Flow Methods in Organic Synthesis
Electrolysis is readily practiced in flow. Siegfried R. Waldvogel of University Mainz reduced (Org. Process Res. Dev. 2015, 19, 1428. ) the adduct 1 from dibromocarbene addition to the cyclopropane 2. Richard C. D. Brown of the University of Southampton oxidized (Org. Lett. 2015, 17, 3290. ) the aldehyde 3 in the presence of benzyl alcohol and a thiazolium catalyst to the ester 4. More recently, Professor Brown described (Org. Lett. 2016, 18, 1198. ) a similar oxidation in the presence of an amine to form the amide.
There are particular technical challenges to electrochemically-driven reactions. Professor Waldvogel (Org. Process Res. Dev. 2016, 20, 26. ), Robert A. Green of the University of Southampton (Org. Process Res. Dev. 2015, 19, 1424. ) and Craig E. Banks and Alan M. Jones of Manchester Metropolitan University (Tetrahedron Lett. 2015, 56, 6863. ) have addressed these in detail.
Photochemistry is also readily practiced in flow. Aaron B. Beeler of Boston University optimized (Angew. Chem. Int. Ed. 2015, 54, 11521. ) the dimerization of 5 to 6. Stefano Protti and Maurizio Fagnoni of the University of Pavia activated (Adv. Synth. Catal. 2016, 358, 1164. ) the aryl chloride 7 to give an intermediate that coupled with the allyl silane 8 to give 9. Pengfei Li of Xi'an Jiaotong University used (Chem. Sci. 2016, 7, 3676. ) the same approach to borylate 10 to 11. Oscar de Frutos of Lilly S. A. and C. Oliver Kappe of the University of Graz oxidized (Chem. Eur. J. 2015, 21, 12894. ) 13 to an intermediate that they then coupled with 12 under photochemical promotion to give 14.
Sulfonyl azides, useful for diazo transfer, are high energy materials. Stuart G. Collins and Anita R. Maguire demonstrated (Org. Biomol. Chem. 2016, 14, 3423. ) that a commercial sulfonyl chloride 15 could be converted in flow to the sulfonyl azide, that could then react with the keto ester 16 to give the diazo ketone 17. Steven V. Ley of the University of Cambridge oxidized (Nature Chem. 2016, 8, 360. ) 18 to the corresponding aryl diazomethane, that was then coupled directly with the boronic acid 19 to give, after protection, the boronate 20. The authors also described several other applications of the initially formed boronic acids.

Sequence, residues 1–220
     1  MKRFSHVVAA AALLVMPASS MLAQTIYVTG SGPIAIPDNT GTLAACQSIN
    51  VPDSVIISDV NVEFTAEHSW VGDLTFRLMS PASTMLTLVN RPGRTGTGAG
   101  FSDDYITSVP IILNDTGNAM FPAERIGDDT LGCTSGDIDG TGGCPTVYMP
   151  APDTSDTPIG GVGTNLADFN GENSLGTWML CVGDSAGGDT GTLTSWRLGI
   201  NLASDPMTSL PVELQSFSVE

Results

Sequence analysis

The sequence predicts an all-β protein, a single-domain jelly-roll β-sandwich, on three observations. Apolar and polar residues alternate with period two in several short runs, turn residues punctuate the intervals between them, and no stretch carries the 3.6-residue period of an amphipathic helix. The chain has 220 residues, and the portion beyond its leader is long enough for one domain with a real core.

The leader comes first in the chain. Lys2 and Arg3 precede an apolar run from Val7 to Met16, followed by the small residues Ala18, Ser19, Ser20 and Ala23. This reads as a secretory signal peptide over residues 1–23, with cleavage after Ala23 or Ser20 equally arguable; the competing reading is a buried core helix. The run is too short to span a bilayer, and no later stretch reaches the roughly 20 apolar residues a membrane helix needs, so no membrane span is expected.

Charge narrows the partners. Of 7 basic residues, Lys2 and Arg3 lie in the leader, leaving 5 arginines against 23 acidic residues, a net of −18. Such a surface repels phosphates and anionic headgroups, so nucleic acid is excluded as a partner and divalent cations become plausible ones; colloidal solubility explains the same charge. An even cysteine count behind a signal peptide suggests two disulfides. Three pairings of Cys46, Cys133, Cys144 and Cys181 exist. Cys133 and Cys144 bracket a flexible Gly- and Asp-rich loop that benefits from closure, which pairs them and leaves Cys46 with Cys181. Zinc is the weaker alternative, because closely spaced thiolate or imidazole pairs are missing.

Immobilized enzymes work well in flow. László Poppe of the Budapest University of Technology and Economics coupled (Adv. Synth. Catal. 2016, 358, 1608. ) 21 with 22 under epimerizing conditions to give 23. Professor Ley used (Synlett 2016, 27, 262. ) one enzyme to liberate HCN from 25, and another to add it to the aldehyde 24 to give, after protection, the ester 26.
Flow methods can be useful for handling delicate intermediates. The diazonium salt derived from 27 rapidly decomposes to the phenol. Weike Su of the Zhejian University of Technology was able in flow to couple (Org. Process Res. Dev. 2016, 20, 774. ) 27 with sodium thiomethoxide to give 28. Andreas Kirschning of Leibniz Universitat Hannover simplified (Chem. Eur. J. 2016, 22, 3044. ) the purification of the product 31, from the coupling of 29 with 30, by flowing the reaction mixture onto silica gel. After an ethyl acetate wash to remove impurities, 31 was taken off with MeOH in CH2Cl2. Moist ethyl acetate (J. Org. Chem. 2010, 75, 5737. ) would probably have worked also.
The intermediate 34 is difficult to handle, as it spontaneously oxidizes to the indole. Andrew R. Bogdan of Abbvie showed (Org. Lett. 2016, 18, 1732. ) that in flow, the coupling of 32 with 33, high temperature deprotection to 34 and coupling with 35 led efficiently to 36.